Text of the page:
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Bismuth Cyanides

When potassium cyanide is added to a solution of bismuth nitrate a brown precipitate is obtained, the composition of which is doubtful. Early investigators considered it to be an oxide, probably a peroxide, of bismuth, but it was found to contain sulphur, which may have been due to impurities in the potassium cyanide.

By triturating calculated amounts of bismuth bromide and potassium cyanide with small quantities of xylene a reaction occurs from which a complex salt, potassium bismuthobromocyanide, K3[BiBr3(CN)3], is obtained. This compound is decomposed by cold water, but is soluble in dilute hydrochloric acid, the solution however decomposing rapidly. When heated out of contact with air, potassium bromide and metallic bismuth are obtained. In a similar manner other complex salts have been obtained, such as the orange-yellow silver salt, Ag3[BiBr3(CN)3], the greenish-grey cuprous salt, Cu3[BiBr3(CN)3], and a mercury salt, Hg3[BiBr3(CN)3]2, which is at first sulphur-yellow, but changes to white prismatic needles. These salts are all decomposed by water.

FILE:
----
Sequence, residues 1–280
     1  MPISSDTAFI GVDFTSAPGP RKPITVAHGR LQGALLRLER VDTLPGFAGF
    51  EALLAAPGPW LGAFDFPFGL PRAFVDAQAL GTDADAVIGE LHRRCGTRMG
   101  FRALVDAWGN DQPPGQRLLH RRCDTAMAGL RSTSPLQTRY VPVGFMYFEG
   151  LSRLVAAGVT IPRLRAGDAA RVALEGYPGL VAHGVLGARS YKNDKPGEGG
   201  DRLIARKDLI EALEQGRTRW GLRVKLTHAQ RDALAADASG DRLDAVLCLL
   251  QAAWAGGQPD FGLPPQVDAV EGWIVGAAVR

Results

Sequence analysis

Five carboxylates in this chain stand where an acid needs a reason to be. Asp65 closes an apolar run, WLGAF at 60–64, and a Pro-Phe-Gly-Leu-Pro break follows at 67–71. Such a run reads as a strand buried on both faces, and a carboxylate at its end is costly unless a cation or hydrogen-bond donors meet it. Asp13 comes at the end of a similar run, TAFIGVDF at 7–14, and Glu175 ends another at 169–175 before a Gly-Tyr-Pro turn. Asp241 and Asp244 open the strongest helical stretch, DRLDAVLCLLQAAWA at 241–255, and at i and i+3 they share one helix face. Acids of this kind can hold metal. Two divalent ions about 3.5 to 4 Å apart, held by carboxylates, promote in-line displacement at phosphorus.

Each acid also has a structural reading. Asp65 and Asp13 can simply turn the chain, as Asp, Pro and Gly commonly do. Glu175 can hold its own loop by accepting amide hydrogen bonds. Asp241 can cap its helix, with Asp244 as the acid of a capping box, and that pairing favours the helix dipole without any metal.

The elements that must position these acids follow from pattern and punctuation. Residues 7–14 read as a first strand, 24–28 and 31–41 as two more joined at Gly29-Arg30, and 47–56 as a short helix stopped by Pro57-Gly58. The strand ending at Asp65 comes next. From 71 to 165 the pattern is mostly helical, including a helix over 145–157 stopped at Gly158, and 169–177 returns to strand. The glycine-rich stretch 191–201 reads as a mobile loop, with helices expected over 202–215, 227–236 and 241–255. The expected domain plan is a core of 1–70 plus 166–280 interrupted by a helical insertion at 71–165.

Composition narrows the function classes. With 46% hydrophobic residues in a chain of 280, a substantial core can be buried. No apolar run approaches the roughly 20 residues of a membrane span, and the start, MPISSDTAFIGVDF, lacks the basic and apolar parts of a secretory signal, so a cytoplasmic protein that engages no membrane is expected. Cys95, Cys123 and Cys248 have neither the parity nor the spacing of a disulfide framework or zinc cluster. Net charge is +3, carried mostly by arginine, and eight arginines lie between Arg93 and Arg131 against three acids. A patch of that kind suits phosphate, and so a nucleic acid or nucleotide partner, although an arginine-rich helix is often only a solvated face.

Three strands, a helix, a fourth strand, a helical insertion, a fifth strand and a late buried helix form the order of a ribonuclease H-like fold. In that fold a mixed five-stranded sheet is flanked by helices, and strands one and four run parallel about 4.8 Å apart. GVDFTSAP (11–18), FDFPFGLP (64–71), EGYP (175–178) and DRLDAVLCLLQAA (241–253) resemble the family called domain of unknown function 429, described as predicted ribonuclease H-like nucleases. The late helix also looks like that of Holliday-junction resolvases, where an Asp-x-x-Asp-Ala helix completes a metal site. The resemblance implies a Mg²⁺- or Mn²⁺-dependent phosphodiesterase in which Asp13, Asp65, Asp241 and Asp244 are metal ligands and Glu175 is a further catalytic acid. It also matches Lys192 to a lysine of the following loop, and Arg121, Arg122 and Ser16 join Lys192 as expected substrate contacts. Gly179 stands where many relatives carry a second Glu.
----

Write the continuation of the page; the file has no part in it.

Other complex cyanides that have been obtained are bismuth ferrocyanide, Bi4[Fe(CN)6]3, which is formed by precipitation with potassium ferrocyanide; bismuth ferricyanide, bismuth cobalticyanide, BiCo(CN)6.5H2O, a greenish-white crystalline substance which turns blue on drying, and when dried over sulphuric acid has the formula 2BiCo(CN)6.7H2O.

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